John Edward SKOLAK, Appellant-Respondent, v. Linda SKOLAK, Appellee-Petitioner.
-- November 05, 2008
Sheldon H. Cohan, Merrillville, IN, Attorney for Appellant.Steve Carter, Attorney General of Indiana, Elizabeth Rogers, Deputy Attorney General, Indianapolis, IN, Attorneys for Appellee.
STATEMENT OF THE CASE
John Edward Skolak appeals the trial court's order finding that the State's action to collect child support arrearage was not untimely.
Whether the statute of limitations bars the State's action to collect child support payments eighteen years after the last payment was made in 1989.1
Skolak and Linda Skolak (“Mother”) were married in 1970. There were five children born of the marriage. The youngest, S.S., was born on September 4, 1978. On September 23, 1983, Wife filed a petition for dissolution. Beginning in November of 1983, Wife received welfare benefits from the county. On March 2, 1984, the trial court issued its decree of dissolution. Therein, the trial court ordered Skolak to pay child support to the Clerk in “the sum of $50.00 per week commencing March 9, 1984, which said funds shall go to the reimbursement of the funds expended by the Department of Public Welfare.” (App. 7).
On August 20, 2007, the county Title IV-D Prosecutor, on behalf of the State of Indiana, filed against Skolak a petition to determine the amount of child support arrearage pursuant to the dissolution decree entered in March 2, 1984.2 In his response, Skolak argued that the action was time-barred by the statute of limitations and, in addition, the affirmative defense of laches.
On January 17, 2008, the trial court held a hearing on the petition. The State submitted into evidence records showing public assistance payments made to Mother from November of 1983 through April of 1989, with no reimbursement of payments made by Skolak thereon; as well as a demonstrative exhibit reflecting that a lapse of 263 weeks at $50 per week resulted in a total arrearage of $13,150. At the close of the hearing, the trial court took the matter under advisement and allowed the parties to submit further authority on the statute of limitations issue.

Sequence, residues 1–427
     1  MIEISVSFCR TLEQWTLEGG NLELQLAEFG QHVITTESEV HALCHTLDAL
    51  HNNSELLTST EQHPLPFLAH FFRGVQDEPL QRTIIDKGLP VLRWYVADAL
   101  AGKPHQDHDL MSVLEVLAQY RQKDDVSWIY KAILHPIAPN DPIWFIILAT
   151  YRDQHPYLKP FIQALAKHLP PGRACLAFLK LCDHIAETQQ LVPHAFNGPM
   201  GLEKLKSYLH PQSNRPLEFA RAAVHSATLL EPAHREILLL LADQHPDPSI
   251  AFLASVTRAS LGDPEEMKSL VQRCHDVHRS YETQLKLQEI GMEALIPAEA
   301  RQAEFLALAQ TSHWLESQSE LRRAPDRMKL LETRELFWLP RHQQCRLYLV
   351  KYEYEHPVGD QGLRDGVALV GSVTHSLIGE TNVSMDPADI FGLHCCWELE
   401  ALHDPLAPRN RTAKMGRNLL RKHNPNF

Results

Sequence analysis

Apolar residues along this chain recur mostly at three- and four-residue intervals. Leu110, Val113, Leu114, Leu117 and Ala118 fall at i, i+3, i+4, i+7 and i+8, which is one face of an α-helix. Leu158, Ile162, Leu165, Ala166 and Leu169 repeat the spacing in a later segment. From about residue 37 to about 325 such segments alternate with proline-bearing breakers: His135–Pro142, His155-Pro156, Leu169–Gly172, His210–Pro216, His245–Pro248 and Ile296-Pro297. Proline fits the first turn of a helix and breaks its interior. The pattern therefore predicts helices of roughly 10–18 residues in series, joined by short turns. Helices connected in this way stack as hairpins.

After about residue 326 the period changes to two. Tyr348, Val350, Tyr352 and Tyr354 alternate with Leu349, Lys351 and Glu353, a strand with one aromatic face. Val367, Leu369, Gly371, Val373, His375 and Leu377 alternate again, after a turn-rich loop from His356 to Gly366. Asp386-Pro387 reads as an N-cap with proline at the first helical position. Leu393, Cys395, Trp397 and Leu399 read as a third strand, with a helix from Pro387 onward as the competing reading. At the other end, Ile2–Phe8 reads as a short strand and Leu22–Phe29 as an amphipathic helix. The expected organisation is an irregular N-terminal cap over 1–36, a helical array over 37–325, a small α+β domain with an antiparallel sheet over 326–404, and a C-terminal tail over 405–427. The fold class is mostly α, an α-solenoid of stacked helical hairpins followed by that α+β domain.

On February 14, 2008, the trial court held that the “State's attempt to collect child support arrearages [wa]s not time barred,” and that the arrearage as of March 1, 1989, was $13,150.00, and entered judgment in that amount. (App. 10). Skolak filed a motion to correct errors, arguing that the State's claim was “time-barred since 18 years have elapsed since the last payment by the State until it brought its petition to determine arrearage,” and the State was “guilty of laches in this matter.” (App. 19, 20). The trial court denied Skolak's motion.
Skolak argues that the applicable statutes of limitation bar the State's action of August 20, 2007, to determine and collect an arrearage of his court-ordered child support payments. We agree.
The issue he raises involves statutory construction; therefore, we review the trial court's decision de novo. In re Paternity of S.J.J., 877 N.E.2d 826, 828 (Ind.Ct.App.2007). Our goal is to give effect to the legislature's intent, and our primary source for determining its intent is the language of the statute. Id.
The State initially concedes “that the statute of limitations has expired on Skolak's child support obligations that were due from 1984 through the first half of 1987.” State's Br. at 8. This concession by the State results from its analysis under various statutes.